Research

Paul Percival

SFU professor of chemistry Paul Percival will lead a $2.4-million project, funded by the Canada Foundation for Innovation, to build a muon beam line at Vancouver's TRIUMF accelerator facility.

CFI funds Percival and Pinto

January 11, 2007

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Two SFU researchers figured prominently in a recent funding proposal approved by the federal government's Canada Foundation for Innovation (CFI).

Through its New Initiatives fund, the CFI has committed $2.4-million towards a project led by SFU chemist Paul Percival to build a new muon beam line at Vancouver's TRIUMF accelerator facility.

Muons are subatomic particles that can be used to probe extremely small, local magnetic fields of electronic or nuclear origin, in any form of matter.

TRIUMF's existing muon beam lines are outdated and no longer meet researchers' needs. “This upgrade will help to capture the full scientific potential of the muon as a probe,” says Percival. “It will satisfy the increasing demands of users, both in availability and quality of muon beams.”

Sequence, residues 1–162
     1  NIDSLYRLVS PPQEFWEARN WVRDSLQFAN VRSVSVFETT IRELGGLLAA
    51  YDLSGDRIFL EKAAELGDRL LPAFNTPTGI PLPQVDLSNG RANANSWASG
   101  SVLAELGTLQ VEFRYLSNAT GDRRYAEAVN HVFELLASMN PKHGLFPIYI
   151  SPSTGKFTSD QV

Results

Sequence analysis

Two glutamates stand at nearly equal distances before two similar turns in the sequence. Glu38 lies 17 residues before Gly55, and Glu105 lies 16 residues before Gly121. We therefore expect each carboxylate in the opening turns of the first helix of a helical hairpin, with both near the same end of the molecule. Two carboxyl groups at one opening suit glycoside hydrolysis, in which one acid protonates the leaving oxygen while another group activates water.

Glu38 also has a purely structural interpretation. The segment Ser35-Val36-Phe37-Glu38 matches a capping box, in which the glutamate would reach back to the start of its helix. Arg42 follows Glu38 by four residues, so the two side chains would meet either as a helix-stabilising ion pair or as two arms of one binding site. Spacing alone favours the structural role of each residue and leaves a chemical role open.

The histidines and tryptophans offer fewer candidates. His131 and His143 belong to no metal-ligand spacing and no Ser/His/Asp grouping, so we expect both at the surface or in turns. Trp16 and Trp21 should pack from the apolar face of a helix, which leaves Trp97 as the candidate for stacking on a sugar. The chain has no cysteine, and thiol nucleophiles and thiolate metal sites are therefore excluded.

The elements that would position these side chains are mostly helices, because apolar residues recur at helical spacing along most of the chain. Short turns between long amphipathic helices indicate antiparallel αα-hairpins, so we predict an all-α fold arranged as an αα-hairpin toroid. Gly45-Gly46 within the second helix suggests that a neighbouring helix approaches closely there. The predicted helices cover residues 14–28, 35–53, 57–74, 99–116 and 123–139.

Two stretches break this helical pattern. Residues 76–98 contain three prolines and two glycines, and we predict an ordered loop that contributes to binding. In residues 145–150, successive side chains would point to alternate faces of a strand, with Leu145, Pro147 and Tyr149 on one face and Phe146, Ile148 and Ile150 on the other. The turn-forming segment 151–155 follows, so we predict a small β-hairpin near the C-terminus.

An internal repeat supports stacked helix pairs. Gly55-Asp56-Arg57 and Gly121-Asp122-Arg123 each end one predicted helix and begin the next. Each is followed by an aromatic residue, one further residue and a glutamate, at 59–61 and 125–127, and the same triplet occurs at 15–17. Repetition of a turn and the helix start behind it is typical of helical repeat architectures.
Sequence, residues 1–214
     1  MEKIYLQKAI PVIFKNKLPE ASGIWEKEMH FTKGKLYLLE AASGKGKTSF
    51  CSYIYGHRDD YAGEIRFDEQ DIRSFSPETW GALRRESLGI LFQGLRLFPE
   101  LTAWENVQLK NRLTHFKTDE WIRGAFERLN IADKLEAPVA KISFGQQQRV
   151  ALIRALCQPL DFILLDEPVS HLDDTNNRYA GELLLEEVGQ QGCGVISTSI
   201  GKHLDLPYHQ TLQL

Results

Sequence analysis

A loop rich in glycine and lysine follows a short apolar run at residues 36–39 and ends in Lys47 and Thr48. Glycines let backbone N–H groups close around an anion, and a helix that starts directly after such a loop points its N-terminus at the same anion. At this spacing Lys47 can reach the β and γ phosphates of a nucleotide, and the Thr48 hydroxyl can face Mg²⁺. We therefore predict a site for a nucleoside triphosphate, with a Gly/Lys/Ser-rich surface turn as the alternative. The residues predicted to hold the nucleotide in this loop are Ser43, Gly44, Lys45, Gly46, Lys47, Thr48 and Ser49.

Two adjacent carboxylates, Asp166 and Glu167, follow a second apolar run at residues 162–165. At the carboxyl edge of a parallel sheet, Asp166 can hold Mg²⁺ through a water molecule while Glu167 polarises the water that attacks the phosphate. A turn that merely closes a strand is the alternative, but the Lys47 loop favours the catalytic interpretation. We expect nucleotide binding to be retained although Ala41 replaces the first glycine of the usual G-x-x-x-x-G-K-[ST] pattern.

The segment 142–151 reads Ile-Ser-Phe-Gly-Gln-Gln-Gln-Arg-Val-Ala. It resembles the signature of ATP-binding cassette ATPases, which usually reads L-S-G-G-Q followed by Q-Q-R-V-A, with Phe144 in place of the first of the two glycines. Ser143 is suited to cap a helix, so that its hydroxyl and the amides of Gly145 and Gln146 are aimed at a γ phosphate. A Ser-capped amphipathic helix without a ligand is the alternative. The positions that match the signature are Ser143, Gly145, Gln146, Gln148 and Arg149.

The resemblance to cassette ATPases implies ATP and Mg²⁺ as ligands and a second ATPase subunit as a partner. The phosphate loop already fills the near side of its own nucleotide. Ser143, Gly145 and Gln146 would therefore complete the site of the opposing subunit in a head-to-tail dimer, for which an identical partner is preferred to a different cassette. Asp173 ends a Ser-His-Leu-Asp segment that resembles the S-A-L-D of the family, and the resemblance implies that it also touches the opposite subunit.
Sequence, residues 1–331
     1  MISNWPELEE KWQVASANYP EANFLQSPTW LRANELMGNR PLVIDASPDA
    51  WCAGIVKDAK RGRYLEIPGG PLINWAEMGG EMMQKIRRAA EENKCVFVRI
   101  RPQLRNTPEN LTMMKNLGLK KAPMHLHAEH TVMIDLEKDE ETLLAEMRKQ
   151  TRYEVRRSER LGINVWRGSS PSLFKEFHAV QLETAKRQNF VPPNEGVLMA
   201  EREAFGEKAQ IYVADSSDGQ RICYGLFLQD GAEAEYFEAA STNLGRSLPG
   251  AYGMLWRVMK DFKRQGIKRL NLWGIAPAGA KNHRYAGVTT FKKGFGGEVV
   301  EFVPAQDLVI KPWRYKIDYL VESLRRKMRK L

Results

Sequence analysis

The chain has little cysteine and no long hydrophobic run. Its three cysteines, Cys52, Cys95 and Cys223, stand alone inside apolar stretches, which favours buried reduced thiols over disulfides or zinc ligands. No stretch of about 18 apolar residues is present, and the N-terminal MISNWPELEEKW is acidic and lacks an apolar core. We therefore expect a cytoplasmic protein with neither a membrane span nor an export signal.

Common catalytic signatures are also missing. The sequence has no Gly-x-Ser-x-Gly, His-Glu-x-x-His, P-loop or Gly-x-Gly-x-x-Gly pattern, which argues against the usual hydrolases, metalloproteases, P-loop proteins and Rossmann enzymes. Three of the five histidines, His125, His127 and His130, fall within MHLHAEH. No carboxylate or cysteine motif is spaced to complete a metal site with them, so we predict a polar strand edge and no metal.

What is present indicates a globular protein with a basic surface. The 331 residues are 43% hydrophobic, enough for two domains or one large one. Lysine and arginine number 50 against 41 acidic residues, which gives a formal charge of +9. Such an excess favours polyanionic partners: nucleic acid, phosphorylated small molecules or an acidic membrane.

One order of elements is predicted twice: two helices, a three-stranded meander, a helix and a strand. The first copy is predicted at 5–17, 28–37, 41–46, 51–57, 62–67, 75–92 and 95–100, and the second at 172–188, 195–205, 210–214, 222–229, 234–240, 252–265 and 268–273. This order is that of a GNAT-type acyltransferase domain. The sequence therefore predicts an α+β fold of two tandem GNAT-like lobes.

The upgrade, which is supported by 16 Canadian universities, will benefit research teams throughout the world involved in molecular and materials research.

TRIUMF is managed by a consortium of Canadian universities. The only other facility in the world with a comparable advanced muon spin spectroscopy infrastructure is the Paul Scherrer Institute in Switzerland.

The other CFI project, on which chemical biologist and VP-research, Mario Pinto, is a co-applicant, is an $8-million New Initiatives  fund grant to kick-start the UBC-based centre for drug research and development (CDRD).

Pinto says the money will enable the CDRD to start building the specialized laboratories it needs to help increase the capacity for B.C. researchers to add value to early-stage drug discoveries in order to increase their chances of commercial success.

“This centre, which will serve all B.C. research universities including SFU, will act as an incubator for new drug technologies and help bridge the time lag between identifying new drugs and getting them to market,” says Pinto. “It will also provide an excellent training environment for students involved in drug discovery and development.”

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